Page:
Conclusions from the 2014 Austrian GP
Hamilton must wait for his luck to turn, Williams play it safe but too safe, and Alonso earns more respect on and off the track...
By Pete Gill. Last Updated: 23/06/14 12:02pm
Hamilton can't wait for the luck to turn
Two weeks ago, Lewis Hamilton's points deficit to Nico Rosberg at the summit of the Drivers' Championship was significant but not quite substantial. Now in excess of a full race victory, it has become serious. Measured at 29 points, it has reached the point where Hamilton cannot afford to lose any further ground, or any more points to his team-mate and solitary title rival, before the summer break.
There are still three races to be run before the sport scatters for its summer holidays, but the nagging-turned-gnawing concern for Hamilton as he considers the challenge ahead must be his failure to transform his superior pace over Rosberg into a profitable haul of points in the last three races. Despite being faster than his team-mate in Monaco, Canada and Austria, Hamilton has nevertheless lost 32 points to Rosberg since Spain. If he is not winning in those circumstances, when will he?
In fairness, Rosberg has been fortunate not to suffer the mechanical failures which have twice resulted in Hamilton retiring this year. The German has finished every race in 2014 - and is yet to finish a race below second. But sport is a manifestly unfair pursuit, which is why the favourites do not always prevail. The notion, in football parlance, that these things even themselves up over a season is hogwash. Just because Rosberg hasn't retired from a race this year is no reason to believe that he will or that he is more likely to suffer the next mechanical failure the Mercedes team experience. In sport, these things very rarely even themselves up. If Hamilton is to clamber back to the top of the Drivers' Championship, it is likely to be a painstaking climb made in piecemeal fashion.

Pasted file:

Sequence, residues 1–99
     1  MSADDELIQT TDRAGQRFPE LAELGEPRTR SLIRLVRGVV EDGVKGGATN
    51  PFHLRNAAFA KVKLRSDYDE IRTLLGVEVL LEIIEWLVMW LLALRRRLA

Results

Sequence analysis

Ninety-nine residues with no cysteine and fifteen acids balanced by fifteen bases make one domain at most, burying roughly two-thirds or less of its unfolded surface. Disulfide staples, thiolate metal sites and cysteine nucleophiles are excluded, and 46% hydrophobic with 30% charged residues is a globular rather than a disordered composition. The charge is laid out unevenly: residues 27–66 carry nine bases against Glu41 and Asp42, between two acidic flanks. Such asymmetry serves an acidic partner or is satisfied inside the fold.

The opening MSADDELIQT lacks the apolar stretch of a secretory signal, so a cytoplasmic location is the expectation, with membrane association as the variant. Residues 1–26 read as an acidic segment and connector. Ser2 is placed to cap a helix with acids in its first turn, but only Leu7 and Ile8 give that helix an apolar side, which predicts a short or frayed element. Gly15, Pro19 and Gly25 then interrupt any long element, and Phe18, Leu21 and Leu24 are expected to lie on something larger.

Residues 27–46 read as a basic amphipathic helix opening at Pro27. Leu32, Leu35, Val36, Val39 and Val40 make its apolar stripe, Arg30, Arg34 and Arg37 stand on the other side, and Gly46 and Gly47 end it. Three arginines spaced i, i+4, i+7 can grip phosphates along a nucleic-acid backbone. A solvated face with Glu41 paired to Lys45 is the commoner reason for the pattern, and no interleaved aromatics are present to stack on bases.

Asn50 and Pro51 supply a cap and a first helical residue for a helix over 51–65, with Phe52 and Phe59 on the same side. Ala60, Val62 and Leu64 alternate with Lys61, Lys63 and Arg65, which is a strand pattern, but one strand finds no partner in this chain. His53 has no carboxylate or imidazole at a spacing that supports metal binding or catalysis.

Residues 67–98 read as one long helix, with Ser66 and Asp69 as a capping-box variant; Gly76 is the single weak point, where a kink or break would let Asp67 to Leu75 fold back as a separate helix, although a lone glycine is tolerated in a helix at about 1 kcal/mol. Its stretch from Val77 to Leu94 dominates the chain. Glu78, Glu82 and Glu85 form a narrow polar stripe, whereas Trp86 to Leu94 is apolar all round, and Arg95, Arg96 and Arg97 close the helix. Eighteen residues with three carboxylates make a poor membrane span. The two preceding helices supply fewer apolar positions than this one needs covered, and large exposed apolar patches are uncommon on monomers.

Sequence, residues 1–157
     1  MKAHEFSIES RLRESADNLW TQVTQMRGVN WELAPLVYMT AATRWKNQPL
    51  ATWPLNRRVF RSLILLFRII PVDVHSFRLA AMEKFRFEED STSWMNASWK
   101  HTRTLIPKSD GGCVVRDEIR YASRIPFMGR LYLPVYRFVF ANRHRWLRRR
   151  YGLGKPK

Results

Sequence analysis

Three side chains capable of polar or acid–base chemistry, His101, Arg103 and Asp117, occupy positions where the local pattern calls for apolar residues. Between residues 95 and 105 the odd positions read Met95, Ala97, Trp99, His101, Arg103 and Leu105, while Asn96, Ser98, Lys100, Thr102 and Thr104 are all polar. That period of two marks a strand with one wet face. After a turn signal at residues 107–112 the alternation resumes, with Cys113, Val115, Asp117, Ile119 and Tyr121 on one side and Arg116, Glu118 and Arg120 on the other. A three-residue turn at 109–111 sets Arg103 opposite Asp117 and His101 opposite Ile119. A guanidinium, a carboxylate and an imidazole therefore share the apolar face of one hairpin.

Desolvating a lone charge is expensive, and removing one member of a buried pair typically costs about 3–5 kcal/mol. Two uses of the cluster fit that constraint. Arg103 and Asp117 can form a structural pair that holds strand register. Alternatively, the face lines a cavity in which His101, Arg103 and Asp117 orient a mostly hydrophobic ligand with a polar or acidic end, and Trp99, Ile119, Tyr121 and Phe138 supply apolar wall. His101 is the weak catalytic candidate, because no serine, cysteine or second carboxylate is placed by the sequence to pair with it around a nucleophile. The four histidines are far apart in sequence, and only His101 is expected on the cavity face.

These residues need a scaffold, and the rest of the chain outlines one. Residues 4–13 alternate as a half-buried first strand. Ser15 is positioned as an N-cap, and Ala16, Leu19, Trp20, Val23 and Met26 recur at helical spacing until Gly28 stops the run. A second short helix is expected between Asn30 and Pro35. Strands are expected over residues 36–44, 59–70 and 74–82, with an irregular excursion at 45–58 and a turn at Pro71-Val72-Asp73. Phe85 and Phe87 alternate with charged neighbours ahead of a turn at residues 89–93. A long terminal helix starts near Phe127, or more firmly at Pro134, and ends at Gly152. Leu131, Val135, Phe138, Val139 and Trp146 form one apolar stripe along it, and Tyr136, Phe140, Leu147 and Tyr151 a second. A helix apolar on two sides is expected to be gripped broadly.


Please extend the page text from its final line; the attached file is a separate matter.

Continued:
Yet there is one sporting truism which ought to offer Hamilton encouragement. Whereas he has been roughly - but rightly - punished for his mistakes in qualifying in Canada and Austria, Rosberg has so far remained immune. Rewarded rather than penalised for his errors on the Saturday in Monaco and the Sunday in Montreal, Rosberg was fortunate that his leery slide off the track in this weekend's race occurred at one of the few parts of the Red Bull Ring adorned with a run-off area rather than a gravel trap. Likewise, when he locked-up his tyres on the very final lap, Hamilton was fractionally too far back to take advantage, just as Valtteri Bottas had been twenty laps before.